Looking at the cover of The Twice-Born by Aatish Taseer, one wonders if the book is on Brahmanism, which is what the title suggests. Or is it about the caste system in India? Is it a travelogue on Benares? Is it a subtle commentary on the political system in India? Is it a narrative on customs and traditions in India? Is it the exploration of the contradiction between the ugliness of modernity with the beauty of the past of Indian culture?
While it is a combination of all these epithets, as one discovers, it could also read as a travel book written by a person who is half-Indian and half-Pakistani, and who spent his formative years in the USA, but returned to Benares after two decades to explore if anything has changed. In between, we are also told about his sexual preferences, as he refers to his husband (who incidentally also lost his father just as Taseer’s was assassinated in Pakistan), which are actually quite redundant to the narrative.
Taseer’s style is eloquent and touching. He takes us through his conversations with various people who are all mostly Brahmins. We learn that they are called ‘twice born’ because they are born in the caste the first time, and initiated or inducted into the caste after the ‘thread ceremony’. All these narrations are about these conversations with people in and around Benares, be it a professor, a priest or a boatman. Most of these opinions are expressed without comment, leaving the reader to draw her own interpretations.
Through the narrative, he touches on the anti-Muslim sentiment, beef ban, rapes, death, salvation, rebirth, witch doctors, magic and so on. In short, a mini cultural tour of India, but with a view that what is felt in Benares would also be the emotion elsewhere in the country.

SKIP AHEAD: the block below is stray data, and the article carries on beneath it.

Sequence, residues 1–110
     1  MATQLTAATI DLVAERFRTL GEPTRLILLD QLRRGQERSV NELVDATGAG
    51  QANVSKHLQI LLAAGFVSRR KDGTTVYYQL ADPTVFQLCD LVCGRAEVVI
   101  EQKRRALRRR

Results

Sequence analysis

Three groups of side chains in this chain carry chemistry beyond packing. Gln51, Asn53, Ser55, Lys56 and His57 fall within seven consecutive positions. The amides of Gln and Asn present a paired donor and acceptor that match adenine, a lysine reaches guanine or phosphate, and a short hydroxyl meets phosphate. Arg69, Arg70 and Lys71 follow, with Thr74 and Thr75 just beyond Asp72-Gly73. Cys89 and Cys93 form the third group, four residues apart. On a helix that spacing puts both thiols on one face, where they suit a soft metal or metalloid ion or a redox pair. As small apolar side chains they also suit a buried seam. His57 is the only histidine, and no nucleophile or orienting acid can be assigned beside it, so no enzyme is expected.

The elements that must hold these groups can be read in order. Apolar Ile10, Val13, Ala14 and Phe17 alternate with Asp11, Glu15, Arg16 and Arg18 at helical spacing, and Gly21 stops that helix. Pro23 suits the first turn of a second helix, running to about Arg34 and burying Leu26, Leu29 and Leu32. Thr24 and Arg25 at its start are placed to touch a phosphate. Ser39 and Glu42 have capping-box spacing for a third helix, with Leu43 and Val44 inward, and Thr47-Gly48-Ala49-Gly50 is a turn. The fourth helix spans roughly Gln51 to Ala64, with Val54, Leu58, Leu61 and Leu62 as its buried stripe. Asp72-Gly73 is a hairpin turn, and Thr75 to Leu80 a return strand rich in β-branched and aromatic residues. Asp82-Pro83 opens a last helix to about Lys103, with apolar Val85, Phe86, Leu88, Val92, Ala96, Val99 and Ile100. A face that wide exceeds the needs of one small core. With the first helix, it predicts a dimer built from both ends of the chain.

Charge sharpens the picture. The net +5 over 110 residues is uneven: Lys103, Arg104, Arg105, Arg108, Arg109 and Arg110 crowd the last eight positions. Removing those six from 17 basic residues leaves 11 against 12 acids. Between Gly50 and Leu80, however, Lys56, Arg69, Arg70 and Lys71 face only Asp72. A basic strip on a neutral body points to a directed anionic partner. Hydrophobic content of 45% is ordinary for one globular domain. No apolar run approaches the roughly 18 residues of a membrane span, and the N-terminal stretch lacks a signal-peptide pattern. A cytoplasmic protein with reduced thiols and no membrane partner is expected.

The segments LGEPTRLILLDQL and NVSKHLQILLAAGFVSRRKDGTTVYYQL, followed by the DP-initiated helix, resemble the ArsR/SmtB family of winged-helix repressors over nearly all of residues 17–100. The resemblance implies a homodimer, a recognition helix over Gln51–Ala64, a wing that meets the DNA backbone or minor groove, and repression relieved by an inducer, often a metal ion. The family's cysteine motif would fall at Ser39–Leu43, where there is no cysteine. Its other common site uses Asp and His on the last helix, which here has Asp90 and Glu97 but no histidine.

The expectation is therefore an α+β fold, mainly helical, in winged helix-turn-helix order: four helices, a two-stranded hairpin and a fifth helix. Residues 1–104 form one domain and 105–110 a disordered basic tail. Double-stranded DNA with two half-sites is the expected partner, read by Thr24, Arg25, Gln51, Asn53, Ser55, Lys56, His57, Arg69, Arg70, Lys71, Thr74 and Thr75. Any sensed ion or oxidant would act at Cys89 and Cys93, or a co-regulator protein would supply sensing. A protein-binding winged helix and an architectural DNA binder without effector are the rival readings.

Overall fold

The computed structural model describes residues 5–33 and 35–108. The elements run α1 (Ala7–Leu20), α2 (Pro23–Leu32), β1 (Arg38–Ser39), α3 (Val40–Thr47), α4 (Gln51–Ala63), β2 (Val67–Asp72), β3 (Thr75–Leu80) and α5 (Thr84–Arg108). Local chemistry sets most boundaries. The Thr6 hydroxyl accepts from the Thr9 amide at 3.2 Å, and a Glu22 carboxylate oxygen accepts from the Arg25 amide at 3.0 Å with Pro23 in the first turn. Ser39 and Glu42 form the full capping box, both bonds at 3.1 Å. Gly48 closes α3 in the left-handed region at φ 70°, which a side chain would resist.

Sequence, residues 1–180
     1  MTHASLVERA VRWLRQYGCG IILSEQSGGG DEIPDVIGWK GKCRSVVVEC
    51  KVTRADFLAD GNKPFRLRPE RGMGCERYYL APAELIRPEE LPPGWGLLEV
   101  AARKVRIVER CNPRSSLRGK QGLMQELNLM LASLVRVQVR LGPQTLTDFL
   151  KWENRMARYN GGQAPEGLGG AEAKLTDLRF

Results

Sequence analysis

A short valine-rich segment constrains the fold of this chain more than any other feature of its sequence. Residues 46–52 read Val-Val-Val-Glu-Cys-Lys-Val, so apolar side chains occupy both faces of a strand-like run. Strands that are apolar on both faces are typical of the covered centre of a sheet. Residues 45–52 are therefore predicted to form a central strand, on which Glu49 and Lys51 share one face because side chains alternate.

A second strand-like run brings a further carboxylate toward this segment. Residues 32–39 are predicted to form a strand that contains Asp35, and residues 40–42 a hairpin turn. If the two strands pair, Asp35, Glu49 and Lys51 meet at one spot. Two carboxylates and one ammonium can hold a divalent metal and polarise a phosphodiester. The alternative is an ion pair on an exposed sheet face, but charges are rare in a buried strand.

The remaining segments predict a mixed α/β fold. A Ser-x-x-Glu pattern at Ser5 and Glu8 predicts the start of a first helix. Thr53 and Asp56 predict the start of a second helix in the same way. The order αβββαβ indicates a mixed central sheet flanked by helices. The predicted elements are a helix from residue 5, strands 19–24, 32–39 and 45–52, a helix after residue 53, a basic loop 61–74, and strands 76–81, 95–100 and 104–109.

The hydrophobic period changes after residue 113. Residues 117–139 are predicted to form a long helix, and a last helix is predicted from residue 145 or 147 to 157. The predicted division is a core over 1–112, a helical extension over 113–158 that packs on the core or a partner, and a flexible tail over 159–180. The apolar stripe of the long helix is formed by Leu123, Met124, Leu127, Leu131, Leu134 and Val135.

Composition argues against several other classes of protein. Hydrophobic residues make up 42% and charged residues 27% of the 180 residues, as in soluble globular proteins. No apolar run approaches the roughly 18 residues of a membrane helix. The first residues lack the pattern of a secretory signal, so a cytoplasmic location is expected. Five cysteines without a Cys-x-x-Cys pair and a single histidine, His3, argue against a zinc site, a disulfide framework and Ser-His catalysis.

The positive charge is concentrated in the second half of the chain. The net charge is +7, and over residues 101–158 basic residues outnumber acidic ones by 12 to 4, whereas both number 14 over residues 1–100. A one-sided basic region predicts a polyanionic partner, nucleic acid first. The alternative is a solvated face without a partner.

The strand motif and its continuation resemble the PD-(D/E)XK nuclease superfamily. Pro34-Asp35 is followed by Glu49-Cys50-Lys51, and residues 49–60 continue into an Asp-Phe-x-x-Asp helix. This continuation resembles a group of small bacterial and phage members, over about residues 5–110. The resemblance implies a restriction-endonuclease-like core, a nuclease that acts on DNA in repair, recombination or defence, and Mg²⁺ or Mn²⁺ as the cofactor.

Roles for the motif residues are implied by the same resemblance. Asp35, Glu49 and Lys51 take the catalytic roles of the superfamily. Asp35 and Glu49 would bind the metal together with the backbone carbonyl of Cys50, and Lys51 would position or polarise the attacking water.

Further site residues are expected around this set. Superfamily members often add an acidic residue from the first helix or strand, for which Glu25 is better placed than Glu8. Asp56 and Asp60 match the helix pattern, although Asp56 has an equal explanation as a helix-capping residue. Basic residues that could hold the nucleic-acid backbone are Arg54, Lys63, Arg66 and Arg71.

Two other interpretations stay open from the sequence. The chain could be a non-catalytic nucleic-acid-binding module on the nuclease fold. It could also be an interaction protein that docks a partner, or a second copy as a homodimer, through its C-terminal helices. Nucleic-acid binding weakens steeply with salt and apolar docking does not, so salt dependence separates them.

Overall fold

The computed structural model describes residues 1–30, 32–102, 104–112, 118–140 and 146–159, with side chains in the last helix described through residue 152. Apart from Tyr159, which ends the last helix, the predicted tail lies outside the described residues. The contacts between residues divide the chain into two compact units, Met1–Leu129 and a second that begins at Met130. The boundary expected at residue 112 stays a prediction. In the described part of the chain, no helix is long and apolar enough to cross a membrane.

Pointing at the contradiction between the status and reality of the city—what with it probably being the most pious city in the country where people come for blessing, as well as salvation, but which is filthy with little maintenance—he alludes to the current regime being called the ‘announcement raj’.
About caste, he discovers that people love tradition and see nothing wrong in the caste structure and its fallouts. While we in big cities think untouchability is ghastly, the so-called untouchables actually feel nothing amiss in this distinction, having accepted it. And from the point of view of society, changing such customs is a big challenge, thus cementing the status quo.
He brings out that the ‘real India’ which blames westernisation for all the wrongs, feeling this has been a corrupting influence and likening English as a means to enslavement. Crimes against women are only because of these influences and as a corollary, the true, rural, tradition-bound youth will not do any such thing.
Reading this book gets disturbing if one thinks beyond what is written, as we realise there is an India that is so different from the metro cities and from which we are so out of touch. This is where he brings in the rightist government, which has leveraged this faith by buttressing that India is the bastion of all innovation and that even before the West told us about great inventions like the aeroplane or nuclear warfare, we had all of them in our epics. Interestingly, he quotes Aldous Huxley, who said, “each time the west has announced a new scientific discovery, misguided scholars have ransacked Sanskrit literature to find a phrase that might be interpreted as a Hindu anticipation of the same”. Some things do not change.
After reading the book, one is forced to question if this India will really change. While we are quick to pick up the goodies that westernisation and globalisation bring us, we are still stuck to our decaying roots. The author is unable to reconcile magic with reason, faith with tradition or hope for the future and the brutalities of the caste system. Traversing Benares, politics and his personal life, the author does not pontificate or provide solutions, leaving believers to defend status quo.
-The writer is chief economist, CARE Ratings